Jake Pruitt

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Many of the most popular Node.js frameworks provide a basic structure for applications, and allow the user to create plugins or middleware that extends the basic functionality of the framework. Every framework has a variety of plugins, both official and unofficial, that create an ecosystem of users that all cooperate to not duplicate common tasks. These frameworks work more like a platform than a single product: they are the medium of communication for a variety of developers, as well as a glue that composes all of the disparate plugins into useful applications.

Express - Concatenation

A good plugin system is characterized by clear contracts between the framework and the plugin. In Express, the middleware system is very well understood and has clear expectations about what a plugin should provide. For example, to create a plugin for Express to use, all you need to create is a function with a specific signature, and pass it into app.use() or any app.VERB()

var app = express();

// a middleware with no mount path; gets executed for every request to the app
app.use(function (req, res, next) {
  console.log('Time:', Date.now());

As long as next() is called, the request will continue through all of the other middleware in the app. It is very easy to integrate a third-party middleware, such as cookie-parser:

var express = require('express');
var app = express();
var cookieParser = require('cookie-parser');


The author of cookie-parser knew that his or her module only needed to return a function with the signature function(req, res, next) and call next() at the end of the function. Express is very powerful due to is strict adherence to this API: Everything is middleware in Express, from route handlers to application-wide authentication. The power of JavaScript I/O really shines in Express’s API.

Hapi - Registration

Hapi has a bit more formal approach to plugins, where each plugin is an object that needs a register function and attributes. Like Express, the register function has a clearly defined signature:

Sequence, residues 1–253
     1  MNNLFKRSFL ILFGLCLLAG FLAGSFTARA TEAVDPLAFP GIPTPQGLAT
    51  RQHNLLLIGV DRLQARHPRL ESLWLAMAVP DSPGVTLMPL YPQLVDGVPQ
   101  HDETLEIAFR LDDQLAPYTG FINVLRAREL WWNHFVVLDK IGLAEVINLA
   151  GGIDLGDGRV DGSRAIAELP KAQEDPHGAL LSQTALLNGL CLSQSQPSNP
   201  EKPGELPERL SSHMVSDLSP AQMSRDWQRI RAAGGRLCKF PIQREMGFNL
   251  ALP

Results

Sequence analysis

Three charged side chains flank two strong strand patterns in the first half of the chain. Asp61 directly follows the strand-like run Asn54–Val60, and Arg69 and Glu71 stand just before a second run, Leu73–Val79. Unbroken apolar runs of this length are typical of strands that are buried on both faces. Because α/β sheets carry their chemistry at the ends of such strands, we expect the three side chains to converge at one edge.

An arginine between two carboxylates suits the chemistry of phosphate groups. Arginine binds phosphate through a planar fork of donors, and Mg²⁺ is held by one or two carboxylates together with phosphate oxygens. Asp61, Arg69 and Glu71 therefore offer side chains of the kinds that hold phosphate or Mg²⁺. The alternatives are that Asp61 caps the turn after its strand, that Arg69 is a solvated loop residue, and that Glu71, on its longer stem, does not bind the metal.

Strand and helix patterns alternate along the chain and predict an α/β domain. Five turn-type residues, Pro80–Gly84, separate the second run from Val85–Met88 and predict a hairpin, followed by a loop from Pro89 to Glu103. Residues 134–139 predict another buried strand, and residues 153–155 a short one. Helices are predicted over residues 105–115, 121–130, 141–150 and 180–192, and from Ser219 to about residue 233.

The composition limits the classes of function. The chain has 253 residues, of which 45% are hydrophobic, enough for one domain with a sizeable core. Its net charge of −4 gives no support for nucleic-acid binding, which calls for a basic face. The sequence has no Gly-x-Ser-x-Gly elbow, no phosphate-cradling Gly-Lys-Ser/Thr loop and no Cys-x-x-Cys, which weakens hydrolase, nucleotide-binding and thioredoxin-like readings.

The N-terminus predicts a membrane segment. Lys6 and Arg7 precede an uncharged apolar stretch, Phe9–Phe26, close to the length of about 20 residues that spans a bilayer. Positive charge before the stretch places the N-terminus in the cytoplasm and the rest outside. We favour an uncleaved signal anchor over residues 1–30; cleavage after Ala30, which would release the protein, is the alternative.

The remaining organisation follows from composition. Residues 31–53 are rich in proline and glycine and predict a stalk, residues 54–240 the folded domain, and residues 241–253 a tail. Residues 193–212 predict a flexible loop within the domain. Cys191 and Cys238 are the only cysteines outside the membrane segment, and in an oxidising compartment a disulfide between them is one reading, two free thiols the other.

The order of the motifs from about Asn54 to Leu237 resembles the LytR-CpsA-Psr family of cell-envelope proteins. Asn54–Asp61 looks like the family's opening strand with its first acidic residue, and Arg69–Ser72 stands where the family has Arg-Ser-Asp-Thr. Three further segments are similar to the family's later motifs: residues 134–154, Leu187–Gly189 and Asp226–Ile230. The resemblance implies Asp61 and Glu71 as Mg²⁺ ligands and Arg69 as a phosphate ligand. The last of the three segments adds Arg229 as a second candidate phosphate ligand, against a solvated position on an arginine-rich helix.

var myPlugin = {
  register: function(server, options, next) {

myPlugin.register.attributes = {
  name: 'myPlugin',
  version: '1.0.0'

This structure makes it easy for an application to be split up into separate modules, where each module defines a plugin. That way, the entire application can be defined as a set of plugins acting on the server rather than one monolithic server. If the plugins are split up into separate modules, they can easily be installed and included via Hapi’s registration methods:

var Hapi = require('hapi');

var server = new Hapi.Server();
server.connection({ port: 3000 });

// load multiple plugins
server.register([{register: require('myplugin')},{register: require('yourplugin')}], function (err) {
  if (err) {
    console.error('Failed to load a plugin:', err);

server.start(function () {
  console.log('Server running at:', server.info.uri);

There are also methods for registering plugins to specific connections of a server, which allows for even more modularity.

Seneca - Using and naming

Right now I am using Seneca.js for a checklist project. One of the beauties of Seneca is its flexibility, as can be seen on the homepage of their site. Application logic with Seneca can be created on a white board, and can be structured in almost any way imaginable. However, this flexibility has caused a bit of a difficulty for me in creating a new plugin, since example plugins and built-in plugins don’t always have easily understandable API’s, and it’s difficult to find common conventions. For instance, in creating a quick JSON HTTP API plugin, the following example is given:

module.exports = function( options ) {
  // you need a middleware function to look for a matching URL
  this.act('role:web',{use:function(req,res,next) {
    // look for a URL
    if( 0 == req.url.indexOf('/quick') ) {
        'Content-Type': 'application/json'
      res.end('{"data":"quick response!"}')
    else next()
  // register this plugin with seneca
  return { name:'quick' }

The plugin definition is done by performing actions on the this seneca instance. The entire seneca framework can be reduced to the idea of adding actions and calling them, and plugins provide a way to extract actions into separate modules and reuse them in a number of applications. The seneca-web plugin is being utilized in the above code in the role:web action. There are many plugins available, such as seneca-account and seneca-mail. These plugins can be registered with a seneca instance in the following way:


Seneca implicitly looks up these plugins within its built-in registry and scans the node_modules folder for modules with the seneca- prefix. This implicit model is a bit different from the very explicit plugin system of Express and Hapi. I will be creating a Seneca.js plugin soon for Hapi, and will become very familiar with plugin infrastructure. It’s difficult to reason around two simultaneous plugin systems, but I think it can be done. The trick will be to do it with a simple API with clearly defined expectations.